Miami will enter the July free agency period without a single major salary standing in the way of its roster-building process.
Heat president Pat Riley announced on Saturday that All-Star guard Dwyane Wade, All-Star forward Chris Bosh and forward Udonis Haslem have all decided to become unrestricted free agents this summer. The three players join All-Star forward LeBron James, who decided to exercise the early termination option of his contract and become a free agent earlier this week.
Wade will be exercising the early termination option of his contract, thereby leaving $41.8 million over two years on the the table. Bosh will be exercising the early termination option of his contract, leaving $42.7 million on the table. Haslem will be declining his $4.6 million player option for next season.
“Today we were notified of Dwyane’s intention to opt-out of his contract and Udonis’ intention to not opt into his contract, making both players free agents," Riley said in a statement on Saturday. "Dwyane has been the cornerstone of our organization for over a decade, and we hope he remains a part of the Heat family for life. Udonis has been the heartbeat of this team for 11 years. He has sacrificed countless times to make this organization successful, and he is the epitome of what this organization stands for. We look forward to meeting with Dwyane and Udonis and their agent in the coming days to discuss our future together.”
On Sunday, Riley added in a second statement: "Today we were notified of Chris’ intentions to opt-out of his contract. Chris is one of the most versatile and dynamic big men in this league, and he has been an instrumental key to our championship success over the last four seasons. We look forward to meeting with Chris and his agent in the coming days to discuss keeping him in Miami for many years to come.”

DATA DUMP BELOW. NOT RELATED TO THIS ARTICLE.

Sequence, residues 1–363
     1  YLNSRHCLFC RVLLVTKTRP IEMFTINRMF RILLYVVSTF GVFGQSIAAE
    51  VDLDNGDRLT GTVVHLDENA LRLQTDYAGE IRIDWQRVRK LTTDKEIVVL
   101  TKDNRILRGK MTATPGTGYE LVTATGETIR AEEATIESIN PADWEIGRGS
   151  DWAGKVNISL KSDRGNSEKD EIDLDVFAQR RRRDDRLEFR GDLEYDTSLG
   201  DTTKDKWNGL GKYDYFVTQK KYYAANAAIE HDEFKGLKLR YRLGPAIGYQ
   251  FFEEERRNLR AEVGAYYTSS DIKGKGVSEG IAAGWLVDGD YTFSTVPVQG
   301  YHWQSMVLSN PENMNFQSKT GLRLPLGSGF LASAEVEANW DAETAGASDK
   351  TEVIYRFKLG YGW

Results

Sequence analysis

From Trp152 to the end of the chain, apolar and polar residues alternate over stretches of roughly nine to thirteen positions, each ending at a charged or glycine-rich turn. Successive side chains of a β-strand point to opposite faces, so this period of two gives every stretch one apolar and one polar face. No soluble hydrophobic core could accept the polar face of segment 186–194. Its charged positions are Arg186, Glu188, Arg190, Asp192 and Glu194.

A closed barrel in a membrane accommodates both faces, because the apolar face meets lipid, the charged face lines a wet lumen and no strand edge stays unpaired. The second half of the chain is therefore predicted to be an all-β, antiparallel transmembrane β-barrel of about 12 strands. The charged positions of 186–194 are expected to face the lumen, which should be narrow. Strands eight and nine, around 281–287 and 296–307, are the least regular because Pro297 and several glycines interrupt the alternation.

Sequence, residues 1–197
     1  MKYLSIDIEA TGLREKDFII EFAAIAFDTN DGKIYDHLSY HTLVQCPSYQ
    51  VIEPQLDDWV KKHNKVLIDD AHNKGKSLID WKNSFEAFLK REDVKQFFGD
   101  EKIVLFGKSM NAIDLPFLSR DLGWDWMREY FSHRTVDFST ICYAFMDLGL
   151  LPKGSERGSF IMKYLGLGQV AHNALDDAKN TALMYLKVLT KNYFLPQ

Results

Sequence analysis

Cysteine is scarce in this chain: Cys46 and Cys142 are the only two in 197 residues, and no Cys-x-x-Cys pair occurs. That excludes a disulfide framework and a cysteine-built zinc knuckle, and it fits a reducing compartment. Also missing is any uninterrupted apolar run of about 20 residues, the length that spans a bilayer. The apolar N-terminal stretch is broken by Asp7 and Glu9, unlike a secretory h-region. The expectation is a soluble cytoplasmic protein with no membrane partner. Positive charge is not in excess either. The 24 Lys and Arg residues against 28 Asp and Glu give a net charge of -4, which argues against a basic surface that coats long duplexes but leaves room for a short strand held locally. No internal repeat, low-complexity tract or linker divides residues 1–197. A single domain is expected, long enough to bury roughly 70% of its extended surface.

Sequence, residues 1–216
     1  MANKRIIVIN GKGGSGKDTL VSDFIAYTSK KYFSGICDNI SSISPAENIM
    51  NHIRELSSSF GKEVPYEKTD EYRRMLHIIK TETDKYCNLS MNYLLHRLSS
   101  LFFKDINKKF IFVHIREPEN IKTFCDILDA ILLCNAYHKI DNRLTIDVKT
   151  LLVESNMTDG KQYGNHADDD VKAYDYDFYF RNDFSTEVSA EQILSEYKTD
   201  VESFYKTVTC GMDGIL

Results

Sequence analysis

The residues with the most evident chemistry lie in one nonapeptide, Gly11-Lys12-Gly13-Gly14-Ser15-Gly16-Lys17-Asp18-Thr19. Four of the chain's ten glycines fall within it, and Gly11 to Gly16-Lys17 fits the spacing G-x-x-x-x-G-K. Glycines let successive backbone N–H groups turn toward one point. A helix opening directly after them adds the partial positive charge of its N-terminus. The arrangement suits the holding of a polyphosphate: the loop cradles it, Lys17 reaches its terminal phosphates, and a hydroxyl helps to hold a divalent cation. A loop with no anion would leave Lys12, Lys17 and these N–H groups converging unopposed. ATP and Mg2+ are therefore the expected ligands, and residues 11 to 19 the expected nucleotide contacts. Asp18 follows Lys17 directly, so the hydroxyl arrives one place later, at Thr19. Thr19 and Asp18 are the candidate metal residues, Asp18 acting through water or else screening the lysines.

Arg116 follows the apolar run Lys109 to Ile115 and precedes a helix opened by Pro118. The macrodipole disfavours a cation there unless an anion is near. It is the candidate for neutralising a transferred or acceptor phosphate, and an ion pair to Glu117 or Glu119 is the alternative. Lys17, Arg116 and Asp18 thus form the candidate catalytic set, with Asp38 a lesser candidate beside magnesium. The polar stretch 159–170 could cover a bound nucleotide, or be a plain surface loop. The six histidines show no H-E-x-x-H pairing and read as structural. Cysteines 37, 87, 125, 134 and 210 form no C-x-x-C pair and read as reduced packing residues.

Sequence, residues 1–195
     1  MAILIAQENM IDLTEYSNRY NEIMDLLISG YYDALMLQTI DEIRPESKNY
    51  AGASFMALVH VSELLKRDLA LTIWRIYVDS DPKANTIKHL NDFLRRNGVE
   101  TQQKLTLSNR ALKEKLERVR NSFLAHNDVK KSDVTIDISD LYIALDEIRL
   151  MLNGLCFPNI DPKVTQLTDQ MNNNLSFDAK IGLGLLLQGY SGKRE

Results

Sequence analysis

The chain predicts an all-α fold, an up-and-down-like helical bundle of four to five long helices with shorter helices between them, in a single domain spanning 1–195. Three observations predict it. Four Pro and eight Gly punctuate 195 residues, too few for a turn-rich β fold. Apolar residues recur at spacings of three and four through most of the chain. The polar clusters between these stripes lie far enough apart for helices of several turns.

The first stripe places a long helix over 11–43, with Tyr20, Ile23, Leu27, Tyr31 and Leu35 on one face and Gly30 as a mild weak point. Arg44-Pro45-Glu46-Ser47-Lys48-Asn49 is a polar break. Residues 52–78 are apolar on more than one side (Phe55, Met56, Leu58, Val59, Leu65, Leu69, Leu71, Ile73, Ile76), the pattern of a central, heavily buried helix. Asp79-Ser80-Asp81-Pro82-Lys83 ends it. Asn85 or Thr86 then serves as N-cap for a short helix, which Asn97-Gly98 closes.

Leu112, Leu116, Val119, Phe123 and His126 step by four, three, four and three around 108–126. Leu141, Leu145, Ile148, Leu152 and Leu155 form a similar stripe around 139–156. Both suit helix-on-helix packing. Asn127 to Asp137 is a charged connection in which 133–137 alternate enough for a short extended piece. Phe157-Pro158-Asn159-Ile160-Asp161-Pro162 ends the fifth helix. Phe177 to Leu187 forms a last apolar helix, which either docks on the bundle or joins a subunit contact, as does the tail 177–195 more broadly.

The announcements come a few days after James, Wade and Bosh reportedly had lunch together in Miami.
Although the joint decisions do not guarantee James' return to Miami, they do maximize Riley's options in retooling the roster. First, it should be noted that all four players would remain on Miami's books as cap holds until they sign new contracts. The opt-out decisions do not translate to pure cap space for the Heat to spend on other players before re-signing the "Big 3" and Haslem. That said, Miami's only current salary obligations for next year would be point guard Norris Cole, who is on the books for $2 million and first-round pick Shabazz Napier. That would leave the Heat with well over $50 million of space under the salary cap with which to re-sign the "Big 3" and, if there is money left over, to chase a fourth impact player before turning to its exceptions to fill out the remainder of the roster.
The mass opt-out decision is ideal from the perspective of Heat management. Wade was set to be paid $20.2 million in 2014-15; although the 32-year-old shooting guard is still one of the best players in the league at his position when healthy, he played just 54 games last year and struggled in Miami's loss to San Antonio during the Finals. His prime earning years are behind him, and he will likely be looking at a pay cut if the "Big 3" do return together next season. Similarly, Bosh was set to make $20.6 million in 2014-15; although he remains one of the best power forwards in the league, it would have been next to impossible for the Heat to add roster pieces of significance if Bosh and/or Wade continue to receive those major, per-year commitments.